Characterization of nuclear factor of activated T-cells-c3 (NFATc3) and gene expression of upstream-downstream signaling molecules in response to immunostimulants in Pacific red snapper cells

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Abstract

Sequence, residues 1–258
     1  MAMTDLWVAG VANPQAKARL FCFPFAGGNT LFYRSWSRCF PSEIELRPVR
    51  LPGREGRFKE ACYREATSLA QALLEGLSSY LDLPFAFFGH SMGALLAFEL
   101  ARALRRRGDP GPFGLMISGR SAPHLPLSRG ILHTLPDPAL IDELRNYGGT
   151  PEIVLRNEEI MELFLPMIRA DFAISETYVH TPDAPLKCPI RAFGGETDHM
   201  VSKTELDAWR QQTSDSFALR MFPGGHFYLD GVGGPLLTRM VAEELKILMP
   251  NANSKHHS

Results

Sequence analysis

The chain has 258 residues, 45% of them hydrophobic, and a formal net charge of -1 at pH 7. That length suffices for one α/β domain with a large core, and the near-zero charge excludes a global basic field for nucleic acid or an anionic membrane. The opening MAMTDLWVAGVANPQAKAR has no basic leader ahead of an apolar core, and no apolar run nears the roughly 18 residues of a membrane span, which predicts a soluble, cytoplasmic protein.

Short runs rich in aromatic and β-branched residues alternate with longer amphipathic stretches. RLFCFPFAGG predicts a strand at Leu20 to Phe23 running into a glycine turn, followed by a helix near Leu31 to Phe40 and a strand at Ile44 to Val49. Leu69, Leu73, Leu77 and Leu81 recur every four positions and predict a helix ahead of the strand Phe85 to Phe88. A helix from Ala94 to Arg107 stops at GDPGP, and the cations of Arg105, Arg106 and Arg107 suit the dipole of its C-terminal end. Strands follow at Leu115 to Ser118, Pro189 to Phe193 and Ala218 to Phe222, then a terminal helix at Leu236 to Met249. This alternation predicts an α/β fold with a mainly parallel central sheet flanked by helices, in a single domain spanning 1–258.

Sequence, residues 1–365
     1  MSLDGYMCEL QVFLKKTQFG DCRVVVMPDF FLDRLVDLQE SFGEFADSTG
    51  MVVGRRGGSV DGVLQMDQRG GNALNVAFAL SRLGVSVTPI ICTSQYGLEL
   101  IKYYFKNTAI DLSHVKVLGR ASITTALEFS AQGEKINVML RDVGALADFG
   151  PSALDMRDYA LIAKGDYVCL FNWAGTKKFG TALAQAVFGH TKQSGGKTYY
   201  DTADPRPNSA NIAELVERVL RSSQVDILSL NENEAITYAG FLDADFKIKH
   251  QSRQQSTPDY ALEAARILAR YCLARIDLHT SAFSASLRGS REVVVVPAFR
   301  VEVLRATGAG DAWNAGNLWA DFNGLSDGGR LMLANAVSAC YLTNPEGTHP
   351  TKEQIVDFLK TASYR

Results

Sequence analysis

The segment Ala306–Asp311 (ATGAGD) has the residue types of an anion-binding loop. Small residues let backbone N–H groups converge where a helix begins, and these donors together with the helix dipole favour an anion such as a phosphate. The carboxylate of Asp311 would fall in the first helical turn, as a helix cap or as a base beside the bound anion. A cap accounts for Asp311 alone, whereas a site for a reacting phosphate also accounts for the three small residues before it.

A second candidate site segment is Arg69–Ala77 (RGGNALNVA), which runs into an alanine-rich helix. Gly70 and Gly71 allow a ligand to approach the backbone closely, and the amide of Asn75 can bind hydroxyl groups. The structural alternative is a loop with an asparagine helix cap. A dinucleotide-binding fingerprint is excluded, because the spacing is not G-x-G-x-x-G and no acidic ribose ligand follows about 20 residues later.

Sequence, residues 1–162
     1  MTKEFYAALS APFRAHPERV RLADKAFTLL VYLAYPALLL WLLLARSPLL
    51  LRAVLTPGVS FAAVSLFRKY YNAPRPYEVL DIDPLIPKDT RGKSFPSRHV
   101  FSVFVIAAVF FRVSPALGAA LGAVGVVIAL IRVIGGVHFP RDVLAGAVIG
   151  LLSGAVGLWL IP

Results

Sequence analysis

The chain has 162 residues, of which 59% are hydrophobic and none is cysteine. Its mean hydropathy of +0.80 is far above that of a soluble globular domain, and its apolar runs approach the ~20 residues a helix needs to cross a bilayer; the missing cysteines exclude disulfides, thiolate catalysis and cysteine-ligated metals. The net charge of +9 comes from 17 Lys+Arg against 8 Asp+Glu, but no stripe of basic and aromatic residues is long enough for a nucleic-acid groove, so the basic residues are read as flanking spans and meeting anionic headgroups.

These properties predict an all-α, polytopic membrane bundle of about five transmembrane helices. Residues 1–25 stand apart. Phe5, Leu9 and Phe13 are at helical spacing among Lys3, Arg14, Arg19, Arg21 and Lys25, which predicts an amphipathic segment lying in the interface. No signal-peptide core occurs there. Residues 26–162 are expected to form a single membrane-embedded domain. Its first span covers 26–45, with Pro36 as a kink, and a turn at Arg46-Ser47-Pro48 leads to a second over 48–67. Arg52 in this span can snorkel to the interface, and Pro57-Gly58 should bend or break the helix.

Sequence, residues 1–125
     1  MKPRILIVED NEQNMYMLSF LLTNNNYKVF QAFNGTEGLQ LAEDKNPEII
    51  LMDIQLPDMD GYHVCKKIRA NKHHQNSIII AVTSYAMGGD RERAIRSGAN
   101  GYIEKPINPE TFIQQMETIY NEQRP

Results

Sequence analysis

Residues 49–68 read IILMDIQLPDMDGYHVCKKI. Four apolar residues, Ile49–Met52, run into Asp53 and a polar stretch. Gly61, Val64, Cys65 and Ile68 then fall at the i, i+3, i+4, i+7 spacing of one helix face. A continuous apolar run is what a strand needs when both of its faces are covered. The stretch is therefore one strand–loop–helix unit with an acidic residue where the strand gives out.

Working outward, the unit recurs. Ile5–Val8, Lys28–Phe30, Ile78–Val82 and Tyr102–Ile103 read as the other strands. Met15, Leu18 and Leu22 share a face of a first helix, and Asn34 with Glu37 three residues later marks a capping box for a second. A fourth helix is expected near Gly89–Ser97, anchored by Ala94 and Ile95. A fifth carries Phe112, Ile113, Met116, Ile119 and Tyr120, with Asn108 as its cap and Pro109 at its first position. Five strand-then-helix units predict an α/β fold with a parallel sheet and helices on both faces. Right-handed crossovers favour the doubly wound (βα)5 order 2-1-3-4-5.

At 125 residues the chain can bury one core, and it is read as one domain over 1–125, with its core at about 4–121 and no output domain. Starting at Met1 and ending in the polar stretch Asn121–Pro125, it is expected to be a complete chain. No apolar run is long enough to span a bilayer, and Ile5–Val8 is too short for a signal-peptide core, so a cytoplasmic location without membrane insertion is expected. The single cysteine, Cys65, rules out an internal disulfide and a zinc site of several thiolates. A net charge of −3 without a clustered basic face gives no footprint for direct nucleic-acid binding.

The nuclear factor of activated T cells (NFAT) proteins have crucial roles in the development and function of the immune system since they not only regulate activation of T cells but are also involved in the control of thymocyte development and T-cell differentiation. In this study, NFATc3 was characterized from the Pacific red snapper, Lutjanus peru. LpNFAtc3, which contains an open reading of 3300 bp frame coding for a protein of 1100 aa with a predicted molecular weight of 118.52 kDa. The predicted protein showed a conserved NFAT family structure with signature motifs and domains, sharing high identity (up to 76%) compared to other fish sequences. NFATc3 gene expression was analyzed by real time-PCR in head-kidney cells (leukocytes and lymphocytes) following yeast, zymosan and Vibrio parahaemolyticus stimulation along with the expression of upstream (ILF2, ILF3 and CaN) and downstream (CD3, TCRβ, IL-6 and IL-12) molecules. This study revealed a broad expression of NFATc3 with a relative strong expression in intestine and lymphocytes. The expression of NFATc3 was differentially up-regulated after stimulation with yeast in head-kidney leukocytes and after bacterial infection in lymphocytes at 24 h. Interestingly, the yeast and zymosan were able to activate ILF2, ILF3 and CaN mRNA gene expression in both kinds of cells. On the other hand, NFAT downstream genes such as CD3, TCRβ, IL-6 and IL-12 were significantly up-regulated in leukocytes stimulated with yeast or zymosan at 12 h; however in lymphocytes, this up-regulation was detected when cells reacted to V. parahaemolyticus stimuli at 24 h. Stimulating Pacific red snapper leukocytes with immunostimulants as yeast significantly up-regulated the expression of NFATc3, and up- and down-stream molecular genes and NFATc3 lymphocytes expression were potentially involved in responses to invasion of bacterial pathogens in an early immune response.

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